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Today I woke up and put my glasses on to discover I am seeing 20/20 20/15 both eyes. I reduced the left .25 to equalize just 9 days ago. I got some extra sleep but that is about all I did different.

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I would say its all about appreciating the small progress. I find that any improvements is better than none, although I guess after seeing improvements and then having bad days is kind of a terrible feeling.
I’m stuck on not making any progress since I started 6 months ago. Still can’t do active focus and not clear up blur. thats frustrating.

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This seems to be a mystery with many people AF is hard to define and harder to understand because so many people find it different. Before endmyopia I read Bates book and I was able to work on methods he described that helped me to find AF. One thing I did was to look at the stop sign near my house. Plenty of sun helped. I looked at the letters and tried to focus on a specific part of the letter. So I started at the O or something, I would look at the top or the bottom and try to see only that top part. Soon things would go blurry everywhere else and then I blinked and saw it all the same. It could be done with anything but letters are best. I would practice this in other situations and always without glasses. Getting things to blur up made my eyes want to see clear. It is a bit uncomfortable to do but that is where I started. Plus nothing wrong with reading Bates method to get an understanding of a few of the ways he helped patients.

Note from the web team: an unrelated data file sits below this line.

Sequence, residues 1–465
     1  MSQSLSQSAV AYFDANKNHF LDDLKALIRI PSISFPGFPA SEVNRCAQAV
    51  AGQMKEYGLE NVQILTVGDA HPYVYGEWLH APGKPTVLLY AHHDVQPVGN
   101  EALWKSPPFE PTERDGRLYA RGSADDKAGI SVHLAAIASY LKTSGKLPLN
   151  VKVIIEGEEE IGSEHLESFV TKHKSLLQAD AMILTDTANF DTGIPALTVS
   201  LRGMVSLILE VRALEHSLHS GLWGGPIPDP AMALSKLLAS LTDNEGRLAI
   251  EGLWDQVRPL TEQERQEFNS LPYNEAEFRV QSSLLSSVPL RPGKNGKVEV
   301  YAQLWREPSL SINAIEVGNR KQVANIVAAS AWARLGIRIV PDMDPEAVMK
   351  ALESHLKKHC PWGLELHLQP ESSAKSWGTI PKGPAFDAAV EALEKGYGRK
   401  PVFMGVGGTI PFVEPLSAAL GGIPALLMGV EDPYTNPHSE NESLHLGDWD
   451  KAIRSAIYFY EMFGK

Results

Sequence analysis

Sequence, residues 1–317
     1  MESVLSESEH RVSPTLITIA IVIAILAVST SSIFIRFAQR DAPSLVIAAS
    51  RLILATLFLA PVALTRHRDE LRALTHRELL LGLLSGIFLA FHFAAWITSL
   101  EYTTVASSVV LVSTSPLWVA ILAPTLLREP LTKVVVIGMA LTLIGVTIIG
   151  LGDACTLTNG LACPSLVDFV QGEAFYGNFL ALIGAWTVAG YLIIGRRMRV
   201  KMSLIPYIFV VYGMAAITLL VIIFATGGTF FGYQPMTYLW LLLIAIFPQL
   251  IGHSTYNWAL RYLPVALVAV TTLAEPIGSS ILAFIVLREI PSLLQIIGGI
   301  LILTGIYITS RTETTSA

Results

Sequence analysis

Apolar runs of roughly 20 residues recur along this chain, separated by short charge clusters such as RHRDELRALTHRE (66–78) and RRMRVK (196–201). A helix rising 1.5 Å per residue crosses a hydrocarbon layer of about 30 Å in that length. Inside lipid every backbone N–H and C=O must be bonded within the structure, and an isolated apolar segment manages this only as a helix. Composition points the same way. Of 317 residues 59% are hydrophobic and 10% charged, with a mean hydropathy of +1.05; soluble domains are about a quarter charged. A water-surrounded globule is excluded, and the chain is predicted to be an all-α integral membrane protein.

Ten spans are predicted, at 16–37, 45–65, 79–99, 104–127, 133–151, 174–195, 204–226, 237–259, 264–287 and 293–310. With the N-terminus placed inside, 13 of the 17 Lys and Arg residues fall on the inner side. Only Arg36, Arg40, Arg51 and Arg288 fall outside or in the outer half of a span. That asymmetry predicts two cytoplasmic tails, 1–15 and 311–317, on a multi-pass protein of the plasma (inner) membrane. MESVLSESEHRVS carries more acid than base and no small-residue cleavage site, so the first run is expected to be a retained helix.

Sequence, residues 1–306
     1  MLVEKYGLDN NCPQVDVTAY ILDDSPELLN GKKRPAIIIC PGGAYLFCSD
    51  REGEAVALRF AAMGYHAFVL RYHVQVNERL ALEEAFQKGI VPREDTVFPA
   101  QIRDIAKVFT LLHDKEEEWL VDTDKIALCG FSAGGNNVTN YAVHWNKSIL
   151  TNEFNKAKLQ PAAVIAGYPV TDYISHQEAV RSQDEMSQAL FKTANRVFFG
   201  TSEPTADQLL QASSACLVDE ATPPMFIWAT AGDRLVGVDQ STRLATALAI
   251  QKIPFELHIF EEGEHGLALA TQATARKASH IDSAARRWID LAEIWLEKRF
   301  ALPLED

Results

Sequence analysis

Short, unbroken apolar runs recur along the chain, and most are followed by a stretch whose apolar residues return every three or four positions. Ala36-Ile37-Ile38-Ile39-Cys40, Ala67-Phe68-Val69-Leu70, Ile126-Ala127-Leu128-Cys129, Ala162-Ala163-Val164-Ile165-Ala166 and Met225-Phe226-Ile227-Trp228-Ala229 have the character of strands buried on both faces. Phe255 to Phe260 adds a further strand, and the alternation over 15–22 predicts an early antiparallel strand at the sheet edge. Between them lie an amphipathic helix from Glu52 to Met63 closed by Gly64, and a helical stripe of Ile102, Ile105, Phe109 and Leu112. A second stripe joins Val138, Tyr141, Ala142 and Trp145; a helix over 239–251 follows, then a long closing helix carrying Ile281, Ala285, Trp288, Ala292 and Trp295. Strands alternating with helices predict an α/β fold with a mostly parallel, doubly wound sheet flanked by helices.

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I’m with you - one day the vision is super sharp and the next, you can’t make out a car license plate at the distance they normally pop out clear at you.